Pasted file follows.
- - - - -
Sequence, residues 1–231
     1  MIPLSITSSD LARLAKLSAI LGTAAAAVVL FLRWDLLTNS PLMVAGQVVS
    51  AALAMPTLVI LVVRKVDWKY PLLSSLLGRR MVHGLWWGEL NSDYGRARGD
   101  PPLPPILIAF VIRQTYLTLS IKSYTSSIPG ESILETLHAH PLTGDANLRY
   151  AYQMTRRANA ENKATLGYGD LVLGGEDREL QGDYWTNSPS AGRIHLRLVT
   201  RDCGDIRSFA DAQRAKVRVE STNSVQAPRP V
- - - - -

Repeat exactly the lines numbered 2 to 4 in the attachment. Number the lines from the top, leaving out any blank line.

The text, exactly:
     1  MIPLSITSSD LARLAKLSAI LGTAAAAVVL FLRWDLLTNS PLMVAGQVVS
    51  AALAMPTLVI LVVRKVDWKY PLLSSLLGRR MVHGLWWGEL NSDYGRARGD
   101  PPLPPILIAF VIRQTYLTLS IKSYTSSIPG ESILETLHAH PLTGDANLRY